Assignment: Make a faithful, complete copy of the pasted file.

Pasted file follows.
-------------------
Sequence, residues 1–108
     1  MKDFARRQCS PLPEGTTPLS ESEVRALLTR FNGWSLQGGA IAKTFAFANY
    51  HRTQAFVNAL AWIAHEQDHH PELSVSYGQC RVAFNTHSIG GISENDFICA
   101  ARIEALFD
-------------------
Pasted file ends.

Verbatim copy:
Sequence, residues 1–108
     1  MKDFARRQCS PLPEGTTPLS ESEVRALLTR FNGWSLQGGA IAKTFAFANY
    51  HRTQAFVNAL AWIAHEQDHH PELSVSYGQC RVAFNTHSIG GISENDFICA
   101  ARIEALFD